Late last summer, most advisors were well aware that equity prices could fall further even though the markets were already down about 20% from their late-2007 highs.
Yet few financial savants imagined that stock prices could fall as far and as fast as they did last September and October, or that a manufacturing powerhouse like Japan, the world's second-largest economy, would see its exports drop 40% in a few weeks, or that a global corporation with triple A-rated debt like General Electric could face a life-threatening event when it was unable to roll over its short-term commercial paper in a credit market paralyzed by the bankruptcy of venerable Lehman Brothers. Suddenly, unthinkable events became reality, and it shook our financial confidence to the core. For many financial advisors, the recession that began in late 2007 and later imploded into a near-depression was the most difficult period of their careers. It tested old assumptions and left some contemplating new ways of doing their jobs.
Senior editor Jeff Schlegel spoke with six advisors about what the recent turmoil taught them about their practice and the industry in general.
Richard Kahler, president of Kahler Financial Group, Rapid City, S.D.
One of the things I've learned from the financial crisis is that there's great value in alternative investments. I've been using alternative investments for at least ten years with commodities and REITs, and more recently with absolute-return strategies such as convertible arbitrage and merger arbitrage. I use mutual funds, not partnerships.
As part of the crisis, I've added managed futures and changed the commodities structure a little. And I've also added some new absolute-return funds with managers who do short selling and covered calls. These include Hussman Strategic Growth fund, Caldwell & Orkin Market Opportunity fund and Leuthold Core Investment fund.
On the bond side, I've learned not to do corporate ladders anymore. I had clients in Lehman Brothers and Washington Mutual, and all of my bond ladders suffered about the same losses as a bond mutual fund. I sold them when Lehman Brothers went down because I realized I can't trust the ratings anymore. Until they change the way bonds are rated and I can have confidence in Moody's, S&P and Fitch, I'll use bond funds and not ladders.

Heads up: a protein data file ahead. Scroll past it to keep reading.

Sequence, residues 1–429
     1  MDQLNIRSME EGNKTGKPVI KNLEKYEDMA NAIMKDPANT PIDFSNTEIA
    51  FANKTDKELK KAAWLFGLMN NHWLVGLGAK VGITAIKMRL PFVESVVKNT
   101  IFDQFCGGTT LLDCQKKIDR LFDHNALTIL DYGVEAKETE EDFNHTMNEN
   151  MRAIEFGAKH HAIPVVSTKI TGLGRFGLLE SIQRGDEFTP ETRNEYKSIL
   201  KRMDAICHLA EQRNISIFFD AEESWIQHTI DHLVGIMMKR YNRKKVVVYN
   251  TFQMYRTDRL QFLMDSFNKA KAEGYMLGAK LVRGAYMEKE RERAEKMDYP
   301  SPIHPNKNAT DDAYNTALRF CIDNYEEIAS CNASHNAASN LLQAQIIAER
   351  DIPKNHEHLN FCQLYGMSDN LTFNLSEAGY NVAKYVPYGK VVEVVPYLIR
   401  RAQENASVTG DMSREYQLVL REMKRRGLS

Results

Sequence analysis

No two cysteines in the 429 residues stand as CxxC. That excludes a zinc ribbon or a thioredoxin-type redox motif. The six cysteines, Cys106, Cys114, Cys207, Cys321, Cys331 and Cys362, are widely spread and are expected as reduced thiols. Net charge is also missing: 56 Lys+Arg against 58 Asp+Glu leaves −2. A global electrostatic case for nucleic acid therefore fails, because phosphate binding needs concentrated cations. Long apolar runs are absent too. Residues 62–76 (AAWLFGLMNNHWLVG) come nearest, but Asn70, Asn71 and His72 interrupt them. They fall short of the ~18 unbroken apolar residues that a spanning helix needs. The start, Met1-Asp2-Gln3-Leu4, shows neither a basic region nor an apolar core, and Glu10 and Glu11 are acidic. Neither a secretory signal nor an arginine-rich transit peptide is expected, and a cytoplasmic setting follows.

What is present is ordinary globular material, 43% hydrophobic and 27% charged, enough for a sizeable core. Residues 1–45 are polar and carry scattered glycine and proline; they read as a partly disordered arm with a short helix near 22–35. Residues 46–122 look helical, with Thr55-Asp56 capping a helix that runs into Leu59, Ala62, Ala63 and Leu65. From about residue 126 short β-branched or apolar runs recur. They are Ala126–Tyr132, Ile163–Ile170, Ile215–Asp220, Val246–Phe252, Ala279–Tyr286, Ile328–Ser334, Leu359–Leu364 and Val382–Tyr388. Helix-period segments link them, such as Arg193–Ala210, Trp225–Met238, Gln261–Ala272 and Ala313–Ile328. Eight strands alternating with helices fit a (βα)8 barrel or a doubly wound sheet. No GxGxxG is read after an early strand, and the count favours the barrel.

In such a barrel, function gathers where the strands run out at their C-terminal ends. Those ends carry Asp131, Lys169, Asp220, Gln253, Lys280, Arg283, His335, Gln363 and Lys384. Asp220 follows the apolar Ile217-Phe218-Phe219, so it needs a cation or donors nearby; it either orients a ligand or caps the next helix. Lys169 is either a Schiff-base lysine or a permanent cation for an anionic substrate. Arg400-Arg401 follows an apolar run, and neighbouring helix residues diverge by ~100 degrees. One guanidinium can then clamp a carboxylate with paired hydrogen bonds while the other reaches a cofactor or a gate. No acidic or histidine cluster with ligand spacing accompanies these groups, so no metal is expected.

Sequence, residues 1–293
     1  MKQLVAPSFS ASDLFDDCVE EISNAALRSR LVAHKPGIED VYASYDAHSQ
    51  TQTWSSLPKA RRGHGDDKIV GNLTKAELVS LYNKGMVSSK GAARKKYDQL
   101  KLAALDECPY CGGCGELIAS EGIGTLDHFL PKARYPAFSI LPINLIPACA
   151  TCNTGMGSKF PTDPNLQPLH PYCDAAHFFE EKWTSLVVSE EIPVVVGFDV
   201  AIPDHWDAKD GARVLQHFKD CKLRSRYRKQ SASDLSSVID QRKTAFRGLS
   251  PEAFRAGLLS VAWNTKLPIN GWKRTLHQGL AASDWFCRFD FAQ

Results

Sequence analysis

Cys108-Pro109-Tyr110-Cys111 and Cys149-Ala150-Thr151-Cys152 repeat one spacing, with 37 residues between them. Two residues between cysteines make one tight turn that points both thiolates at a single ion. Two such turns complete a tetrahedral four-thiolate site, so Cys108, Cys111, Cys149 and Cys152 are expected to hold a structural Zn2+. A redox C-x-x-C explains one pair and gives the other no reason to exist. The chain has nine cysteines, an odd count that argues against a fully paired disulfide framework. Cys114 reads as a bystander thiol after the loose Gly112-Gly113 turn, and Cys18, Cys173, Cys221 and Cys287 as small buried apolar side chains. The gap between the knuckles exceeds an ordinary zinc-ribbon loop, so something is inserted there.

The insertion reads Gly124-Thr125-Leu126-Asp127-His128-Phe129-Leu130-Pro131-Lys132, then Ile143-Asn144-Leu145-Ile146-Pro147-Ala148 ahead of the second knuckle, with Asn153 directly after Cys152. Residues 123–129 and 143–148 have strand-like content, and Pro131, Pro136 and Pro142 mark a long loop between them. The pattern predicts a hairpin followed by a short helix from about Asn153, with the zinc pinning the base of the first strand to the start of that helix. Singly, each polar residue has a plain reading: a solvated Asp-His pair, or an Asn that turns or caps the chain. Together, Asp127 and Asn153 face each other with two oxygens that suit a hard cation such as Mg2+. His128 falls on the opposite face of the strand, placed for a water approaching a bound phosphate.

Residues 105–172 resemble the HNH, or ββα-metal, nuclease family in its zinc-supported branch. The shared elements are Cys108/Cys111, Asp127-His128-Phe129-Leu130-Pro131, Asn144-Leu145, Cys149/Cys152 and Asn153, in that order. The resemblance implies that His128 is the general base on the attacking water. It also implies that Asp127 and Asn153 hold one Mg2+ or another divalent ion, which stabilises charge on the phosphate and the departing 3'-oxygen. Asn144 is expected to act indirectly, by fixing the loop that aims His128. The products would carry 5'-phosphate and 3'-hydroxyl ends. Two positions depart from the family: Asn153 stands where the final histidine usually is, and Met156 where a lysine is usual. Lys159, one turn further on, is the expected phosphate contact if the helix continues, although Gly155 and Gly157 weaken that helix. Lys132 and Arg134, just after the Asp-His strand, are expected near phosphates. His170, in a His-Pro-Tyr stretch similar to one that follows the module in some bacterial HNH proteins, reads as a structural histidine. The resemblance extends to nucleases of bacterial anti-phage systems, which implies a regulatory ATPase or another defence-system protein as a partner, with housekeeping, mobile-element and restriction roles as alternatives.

I started out as a financial planner, and about five years ago was pretty solid in terms of being an investment manager. Then I started ramping up to do more planning and basically got there when the crisis hit. And I'm glad I did because I lost a higher percentage of investment clients than planning clients--three on the investment side and one on the planning side, or about 5% of my total.
I'm thinking I may not take investment-only clients anymore, because with them it's more like, "What have you done for me lately?" This crisis absolutely brought out the difference between investment-only and financial planning clients. You're providing so much more value to financial planning clients, especially when you add innovative financial products or life planning services into the mix.
That relationship is so much stronger. Their focus isn't so much on returns; it's about making their lives better and the whole financial picture, asset protection, cash-flow management and everything else. I'm more valuable to those people as a financial planner than as an investment manager. That's a real wake-up to me.
The crisis also reinforced the great benefit of embracing technology and having a lean, scaled-down operation. We cut our number of full-time employees by half because of the recession, so we need more efficiencies to make up for that. We've put more information on our Web site and made the site more interactive to make it work as an employee for us.